Indianite: Hoosier Rock with a Past (IM-01)
About 1870, State Geologist E.T. Cox gave the name indianite to a unique
mixture of clay minerals found in south-central Indiana. Composed of the
minerals halloysite, kaolinite, illite, and gibbsite, indianaite is a very
fine grained and relatively soft rock occurring in small, irregular pods
or lenses mainly in Lawrence and Martin Counties and southern Monroe
County. It is white when pure, but impurities - mainly iron - cause the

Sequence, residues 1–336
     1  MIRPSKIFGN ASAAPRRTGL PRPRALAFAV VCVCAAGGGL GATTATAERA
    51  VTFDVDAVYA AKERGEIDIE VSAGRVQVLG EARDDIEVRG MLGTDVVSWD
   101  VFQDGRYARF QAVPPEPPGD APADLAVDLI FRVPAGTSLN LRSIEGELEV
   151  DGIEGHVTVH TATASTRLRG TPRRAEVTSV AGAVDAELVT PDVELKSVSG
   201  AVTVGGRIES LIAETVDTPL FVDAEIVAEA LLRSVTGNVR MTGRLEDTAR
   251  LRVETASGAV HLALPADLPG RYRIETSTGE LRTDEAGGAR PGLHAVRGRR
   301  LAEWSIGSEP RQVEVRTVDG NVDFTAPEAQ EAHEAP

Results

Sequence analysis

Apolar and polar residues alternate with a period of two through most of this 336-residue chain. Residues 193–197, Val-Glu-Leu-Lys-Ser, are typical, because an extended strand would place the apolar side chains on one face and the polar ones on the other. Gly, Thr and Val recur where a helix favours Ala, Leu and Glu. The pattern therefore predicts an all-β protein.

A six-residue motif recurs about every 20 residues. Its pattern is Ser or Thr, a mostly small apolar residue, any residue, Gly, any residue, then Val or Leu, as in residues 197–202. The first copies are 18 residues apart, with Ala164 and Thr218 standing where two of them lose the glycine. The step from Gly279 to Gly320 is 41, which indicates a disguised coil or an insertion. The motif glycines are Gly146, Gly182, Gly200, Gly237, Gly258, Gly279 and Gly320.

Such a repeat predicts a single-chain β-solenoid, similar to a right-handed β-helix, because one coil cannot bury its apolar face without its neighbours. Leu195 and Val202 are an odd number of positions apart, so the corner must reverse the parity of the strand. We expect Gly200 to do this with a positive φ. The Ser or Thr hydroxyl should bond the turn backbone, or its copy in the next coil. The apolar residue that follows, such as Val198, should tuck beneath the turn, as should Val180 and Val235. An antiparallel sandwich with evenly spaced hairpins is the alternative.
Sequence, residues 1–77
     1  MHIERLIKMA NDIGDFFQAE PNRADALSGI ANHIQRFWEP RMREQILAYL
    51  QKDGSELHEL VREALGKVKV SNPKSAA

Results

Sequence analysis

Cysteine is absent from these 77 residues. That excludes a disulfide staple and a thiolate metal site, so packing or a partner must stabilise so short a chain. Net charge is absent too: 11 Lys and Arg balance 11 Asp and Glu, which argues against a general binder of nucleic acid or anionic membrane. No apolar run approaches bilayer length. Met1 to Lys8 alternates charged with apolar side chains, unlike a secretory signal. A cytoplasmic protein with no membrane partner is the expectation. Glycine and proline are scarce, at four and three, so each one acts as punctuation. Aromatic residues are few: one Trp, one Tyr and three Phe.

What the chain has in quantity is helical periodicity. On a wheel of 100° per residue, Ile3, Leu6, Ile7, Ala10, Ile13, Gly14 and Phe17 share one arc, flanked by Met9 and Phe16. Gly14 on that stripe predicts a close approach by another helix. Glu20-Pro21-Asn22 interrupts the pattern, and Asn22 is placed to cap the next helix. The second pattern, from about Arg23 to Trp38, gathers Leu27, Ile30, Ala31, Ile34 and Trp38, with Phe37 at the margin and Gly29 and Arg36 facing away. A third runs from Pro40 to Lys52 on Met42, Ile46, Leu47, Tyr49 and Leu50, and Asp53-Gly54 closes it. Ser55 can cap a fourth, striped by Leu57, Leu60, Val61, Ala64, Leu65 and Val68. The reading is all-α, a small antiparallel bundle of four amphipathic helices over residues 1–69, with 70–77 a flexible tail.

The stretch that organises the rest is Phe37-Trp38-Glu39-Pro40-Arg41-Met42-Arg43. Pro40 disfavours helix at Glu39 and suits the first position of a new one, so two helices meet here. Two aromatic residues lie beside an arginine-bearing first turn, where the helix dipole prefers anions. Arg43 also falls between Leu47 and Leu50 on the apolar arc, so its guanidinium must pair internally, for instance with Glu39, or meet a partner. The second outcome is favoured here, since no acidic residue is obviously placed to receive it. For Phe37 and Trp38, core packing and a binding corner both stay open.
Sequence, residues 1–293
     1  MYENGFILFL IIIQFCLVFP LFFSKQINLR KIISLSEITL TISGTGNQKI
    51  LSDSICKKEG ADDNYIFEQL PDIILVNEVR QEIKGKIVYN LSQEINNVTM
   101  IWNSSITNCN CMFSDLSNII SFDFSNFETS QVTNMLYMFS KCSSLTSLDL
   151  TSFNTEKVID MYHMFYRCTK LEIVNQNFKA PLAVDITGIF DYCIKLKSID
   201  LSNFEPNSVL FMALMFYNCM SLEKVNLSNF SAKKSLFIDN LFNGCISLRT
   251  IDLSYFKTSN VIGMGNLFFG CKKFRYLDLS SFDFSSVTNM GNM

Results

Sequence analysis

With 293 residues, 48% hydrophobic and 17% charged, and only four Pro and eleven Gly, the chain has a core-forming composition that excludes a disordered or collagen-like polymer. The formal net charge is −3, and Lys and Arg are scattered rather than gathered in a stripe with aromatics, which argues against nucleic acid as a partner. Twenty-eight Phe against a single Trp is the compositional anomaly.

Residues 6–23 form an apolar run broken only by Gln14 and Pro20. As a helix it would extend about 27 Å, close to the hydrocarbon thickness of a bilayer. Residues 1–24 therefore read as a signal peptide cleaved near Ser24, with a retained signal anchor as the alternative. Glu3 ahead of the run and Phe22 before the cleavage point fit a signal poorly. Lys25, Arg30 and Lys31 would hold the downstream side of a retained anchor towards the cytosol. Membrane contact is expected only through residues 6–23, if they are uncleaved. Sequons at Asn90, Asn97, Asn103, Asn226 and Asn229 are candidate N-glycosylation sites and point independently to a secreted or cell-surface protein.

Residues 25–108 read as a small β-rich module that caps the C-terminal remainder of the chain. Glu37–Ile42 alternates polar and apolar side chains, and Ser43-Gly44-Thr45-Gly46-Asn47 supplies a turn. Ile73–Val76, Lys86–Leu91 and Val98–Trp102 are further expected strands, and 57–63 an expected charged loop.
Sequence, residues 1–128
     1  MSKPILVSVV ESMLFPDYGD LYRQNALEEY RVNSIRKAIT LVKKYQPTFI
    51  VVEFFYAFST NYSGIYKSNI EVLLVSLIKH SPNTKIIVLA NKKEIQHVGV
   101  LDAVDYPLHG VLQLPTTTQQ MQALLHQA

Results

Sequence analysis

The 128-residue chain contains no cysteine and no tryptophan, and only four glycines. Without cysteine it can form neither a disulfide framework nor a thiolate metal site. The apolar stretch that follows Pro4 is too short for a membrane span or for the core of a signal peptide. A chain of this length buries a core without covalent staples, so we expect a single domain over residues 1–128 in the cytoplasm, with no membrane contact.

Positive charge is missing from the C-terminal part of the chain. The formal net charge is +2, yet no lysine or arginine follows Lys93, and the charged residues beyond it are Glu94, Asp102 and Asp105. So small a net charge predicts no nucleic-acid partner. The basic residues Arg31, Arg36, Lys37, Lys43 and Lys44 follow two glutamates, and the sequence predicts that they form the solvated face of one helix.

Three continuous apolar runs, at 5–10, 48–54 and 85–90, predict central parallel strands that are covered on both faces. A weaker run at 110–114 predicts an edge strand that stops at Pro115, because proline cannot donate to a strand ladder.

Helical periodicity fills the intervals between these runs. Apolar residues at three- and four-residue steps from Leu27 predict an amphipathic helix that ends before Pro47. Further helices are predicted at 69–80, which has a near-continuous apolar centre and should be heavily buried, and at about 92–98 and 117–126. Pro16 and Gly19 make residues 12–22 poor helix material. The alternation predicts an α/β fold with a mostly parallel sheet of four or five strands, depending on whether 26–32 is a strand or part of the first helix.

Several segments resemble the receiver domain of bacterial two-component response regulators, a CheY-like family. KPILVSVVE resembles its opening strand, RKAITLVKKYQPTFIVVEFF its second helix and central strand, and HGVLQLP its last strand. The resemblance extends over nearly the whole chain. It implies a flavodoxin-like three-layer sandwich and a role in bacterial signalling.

material to be reddish brown.
Indianite was mined mainly from 1870 to the
1890's and shipped as far as Philadelphia. Much was used in manufacturing
white porcelain, but large quantities were combined with sulfuric acid to
make alum. During World War I, some indianite was used in making
refractory brick, and in the 1920's some was mined as an aluminum ore. But
indianite is no longer mined.
Our Hoosier State Beneath Us: